A man on death row for killing three elderly siblings in Pennsylvania more than three decades ago will get a chance to argue that his latest conviction was based on a flawed hair analysis.
The Pennsylvania Supreme Court ruled Wednesday that 62-year-old David Chmiel will have the opportunity to raise questions about the reliability of the forensic tests that led to his 2002 conviction, the third guilty verdict in a case first decided in 1984.
The basis of the high court's ruling, a justice wrote, stems from a 2015 admission from the FBI that said testimony given by its microscopic hair examiners had been wrong in a vast majority of cases. The FBI has also said that they've given trainings to several hundred of local authorities who used the same "scientifically flawed language" employed by its federal examiners during criminal trials.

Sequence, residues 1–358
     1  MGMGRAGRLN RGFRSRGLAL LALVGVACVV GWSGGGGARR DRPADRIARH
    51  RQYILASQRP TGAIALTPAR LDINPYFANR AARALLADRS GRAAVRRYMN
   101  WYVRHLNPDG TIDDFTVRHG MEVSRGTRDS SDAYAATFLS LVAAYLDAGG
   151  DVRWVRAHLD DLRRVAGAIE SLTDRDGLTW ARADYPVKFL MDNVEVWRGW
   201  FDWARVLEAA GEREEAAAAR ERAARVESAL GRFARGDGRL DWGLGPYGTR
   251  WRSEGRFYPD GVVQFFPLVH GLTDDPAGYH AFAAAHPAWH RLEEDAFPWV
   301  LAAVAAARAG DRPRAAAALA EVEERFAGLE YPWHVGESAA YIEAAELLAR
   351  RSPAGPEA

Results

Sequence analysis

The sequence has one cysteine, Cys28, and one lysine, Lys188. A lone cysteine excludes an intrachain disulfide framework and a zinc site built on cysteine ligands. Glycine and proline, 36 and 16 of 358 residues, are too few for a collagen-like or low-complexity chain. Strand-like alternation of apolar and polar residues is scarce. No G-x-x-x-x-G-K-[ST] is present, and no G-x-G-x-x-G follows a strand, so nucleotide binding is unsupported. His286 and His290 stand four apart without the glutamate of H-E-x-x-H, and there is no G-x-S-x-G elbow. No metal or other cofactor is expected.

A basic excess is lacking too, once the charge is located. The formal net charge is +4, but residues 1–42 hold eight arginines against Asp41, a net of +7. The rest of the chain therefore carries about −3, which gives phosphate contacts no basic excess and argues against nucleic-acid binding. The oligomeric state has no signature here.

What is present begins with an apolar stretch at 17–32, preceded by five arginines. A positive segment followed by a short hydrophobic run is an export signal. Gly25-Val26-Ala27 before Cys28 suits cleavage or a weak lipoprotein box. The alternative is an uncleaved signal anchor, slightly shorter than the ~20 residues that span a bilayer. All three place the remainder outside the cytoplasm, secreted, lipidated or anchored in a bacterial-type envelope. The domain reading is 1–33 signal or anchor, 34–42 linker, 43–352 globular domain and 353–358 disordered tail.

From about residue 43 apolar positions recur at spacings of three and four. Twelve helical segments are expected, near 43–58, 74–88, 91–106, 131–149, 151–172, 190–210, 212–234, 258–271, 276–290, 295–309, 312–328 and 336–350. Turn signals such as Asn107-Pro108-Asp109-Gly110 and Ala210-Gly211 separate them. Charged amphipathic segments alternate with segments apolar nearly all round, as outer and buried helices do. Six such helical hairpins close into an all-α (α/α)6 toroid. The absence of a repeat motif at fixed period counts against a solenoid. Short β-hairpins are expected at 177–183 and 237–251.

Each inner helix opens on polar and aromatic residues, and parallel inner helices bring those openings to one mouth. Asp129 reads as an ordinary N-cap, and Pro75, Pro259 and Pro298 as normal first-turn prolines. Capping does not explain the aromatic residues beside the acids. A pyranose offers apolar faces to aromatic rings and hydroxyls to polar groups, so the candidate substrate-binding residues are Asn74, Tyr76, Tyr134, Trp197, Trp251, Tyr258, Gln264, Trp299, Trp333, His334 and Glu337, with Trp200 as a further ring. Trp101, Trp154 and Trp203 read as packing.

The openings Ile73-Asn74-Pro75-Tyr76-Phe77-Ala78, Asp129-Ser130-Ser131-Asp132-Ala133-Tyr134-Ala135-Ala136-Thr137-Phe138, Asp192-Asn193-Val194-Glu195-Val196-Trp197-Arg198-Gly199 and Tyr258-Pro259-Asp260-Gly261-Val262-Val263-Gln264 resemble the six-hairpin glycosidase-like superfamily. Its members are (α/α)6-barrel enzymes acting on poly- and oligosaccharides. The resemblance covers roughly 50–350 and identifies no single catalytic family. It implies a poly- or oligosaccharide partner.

Chmiel's 2002 conviction featured the testimony of a state police forensic examiner who "opined that hair found at the crime scene was microscopically similar to Chmiel's hair," the Supreme Court decision read, adding that the recent discrediting of such analysis makes the case ripe for review.
The 1983 slayings of Angelina, James and Victor Lunario, all in their late 60s and early 70s, in a northeastern Pennsylvania home also came with burglary and robbery charges. An attorney for Chmiel did not immediately return a voicemail message seeking comment.
The supreme court's decision sends the case back to a lower court in Lackawanna County, where Chmiel will get to ask a judge for a new trial.